Poland has backed Ukraine's insistence that it will not surrender territory to Russia to secure a peace deal with the Kremlin, as Moscow's forces continued to hammer the Donbas region and Kyiv raced to resupply its troops there with arms sent by western allies.
Russia's defence ministry said on Sunday that its long-range missiles had destroyed several Ukrainian command posts, arms depots and clusters of troops and armour over the previous 24 hours in Donbas, where Moscow is focusing its offensive after being forced back from Ukraine's two main cities Kyiv and Kharkiv.
Ukraine says heavy Russian shelling in recent days has killed and injured civilians in Severodonetsk, and accused Moscow's troops on Saturday of blowing up a major bridge linking the industrial Donbas city with nearby Lysychansk. About 75km to the west Russian troops moving from the north are trying to seize the strategic city of Slovyansk.
"The situation in Donbas is extremely difficult…the Russian army is trying to attack Slovyansk and Severodonetsk," said Ukrainian president Volodymyr Zelenskiy.
“The armed forces of Ukraine are deterring this offensive. Every day that our defenders take away from these offensive plans of Russia, disrupting them, is a concrete contribution to the approach of the main day…victory day.”
To bolster its defence against the Russian invasion, Ukraine’s parliament voted on Sunday to extend martial law and the mobilisation of armed forces for a third time, until August 23rd.
Nato states are accelerating delivery of heavy weapons to Ukraine, three months into an all-out war with Moscow that many military analysts thought would be over in days or weeks due to the Russian military's overwhelming advantage in size and firepower.
US president Joe Biden signed a Bill on Saturday to send almost $40 billion (€38bn) in military, financial and humanitarian aid to Ukraine, but there are concerns in Kyiv that some western powers are focused not on helping it win the war, but on crafting a face-saving compromise deal for Russia that would demand major sacrifices of Ukraine.
"Today any concession to Russia is not a path to peace but a war postponed for several years. Ukraine trades neither its sovereignty nor territories and Ukrainians living on them," said Mykhailo Podolyak, a senior adviser to Mr Zelenskiy and head of his delegation in talks with Moscow.
Commenting on Russia’s blockade of Ukraine’s Black Sea ports, which is preventing the export of millions of tonnes of grain and fuelling fears for global food supply, Mr Podolyak said the world should not “bargain with a country that has taken hostages”.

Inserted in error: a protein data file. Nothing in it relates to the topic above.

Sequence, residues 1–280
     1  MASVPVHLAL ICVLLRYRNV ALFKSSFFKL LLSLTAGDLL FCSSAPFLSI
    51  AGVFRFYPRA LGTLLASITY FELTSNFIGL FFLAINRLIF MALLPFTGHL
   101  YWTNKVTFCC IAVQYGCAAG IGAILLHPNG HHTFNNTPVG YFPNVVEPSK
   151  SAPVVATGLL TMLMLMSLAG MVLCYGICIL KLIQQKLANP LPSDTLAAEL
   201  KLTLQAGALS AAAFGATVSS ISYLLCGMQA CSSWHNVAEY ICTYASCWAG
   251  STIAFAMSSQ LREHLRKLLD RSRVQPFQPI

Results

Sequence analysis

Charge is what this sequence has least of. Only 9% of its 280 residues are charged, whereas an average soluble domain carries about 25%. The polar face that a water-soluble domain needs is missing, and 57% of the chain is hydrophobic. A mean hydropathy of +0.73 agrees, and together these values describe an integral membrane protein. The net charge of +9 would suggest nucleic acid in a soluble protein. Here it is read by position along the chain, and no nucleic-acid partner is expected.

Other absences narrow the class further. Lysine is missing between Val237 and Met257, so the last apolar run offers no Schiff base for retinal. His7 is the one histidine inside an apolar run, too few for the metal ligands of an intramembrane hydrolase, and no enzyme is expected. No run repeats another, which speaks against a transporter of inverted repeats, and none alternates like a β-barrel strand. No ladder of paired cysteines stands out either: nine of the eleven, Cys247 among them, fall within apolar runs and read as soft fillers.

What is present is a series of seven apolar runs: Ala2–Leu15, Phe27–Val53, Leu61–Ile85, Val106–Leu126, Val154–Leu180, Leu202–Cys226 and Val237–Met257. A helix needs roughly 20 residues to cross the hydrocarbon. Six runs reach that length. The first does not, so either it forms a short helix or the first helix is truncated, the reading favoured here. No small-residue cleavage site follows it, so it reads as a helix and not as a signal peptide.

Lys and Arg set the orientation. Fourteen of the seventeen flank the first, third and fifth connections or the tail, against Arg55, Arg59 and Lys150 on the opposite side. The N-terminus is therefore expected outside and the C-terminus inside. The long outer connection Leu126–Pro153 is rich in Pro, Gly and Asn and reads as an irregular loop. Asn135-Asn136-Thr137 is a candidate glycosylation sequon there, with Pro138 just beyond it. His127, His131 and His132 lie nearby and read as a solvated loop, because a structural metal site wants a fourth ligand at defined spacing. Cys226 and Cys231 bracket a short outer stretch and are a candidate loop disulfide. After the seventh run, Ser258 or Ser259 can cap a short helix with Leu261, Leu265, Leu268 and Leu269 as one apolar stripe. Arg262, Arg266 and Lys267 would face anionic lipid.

“Well, we have a better idea. The world has to agree on the transfer of multi-launch rocket systems to Ukraine and other necessary heavy weapons to unblock the Black Sea. Then we will do everything ourselves.”
In an address to parliament in Kyiv on Sunday, visiting Polish president Andrzej Duda said: "Worrying voices have appeared, saying that Ukraine should give in to Putin's demands. Only Ukraine has the right to decide about its future.
“If Ukraine is sacrificed for…economic reasons or political ambitions – even a centimetre of its territory – it will be a huge blow not only for the Ukrainian nation but for the entire western world,” he said.
Russia's all-out invasion of Ukraine has prompted Finland and Sweden to apply to join Nato, but Turkey says it cannot support the accession of states that it accuses of being soft on Kurdish and Gulenist groups that Ankara regards as terrorists.
Turkish president Recep Tayyip Erdogan reiterated that position in separate phone calls over the weekend with Finnish and Swedish leaders and Nato secretary general Jens Stoltenberg.
Mr Stoltenberg said he and Mr Erdogan discussed “the importance of Nato’s ‘open door’ and the membership applications by Finland and Sweden. We agree that the security concerns of all allies must be taken into account and talks need to continue to find a solution.”
France’s European affairs minister Clément Beaune said on Sunday that it would be a “long time” before Ukraine gained EU membership, estimating it could take up to two decades. “We have to be honest,” he said. “If you say Ukraine is going to join the EU in six months, or a year or two, you’re lying.” Additional reporting: AP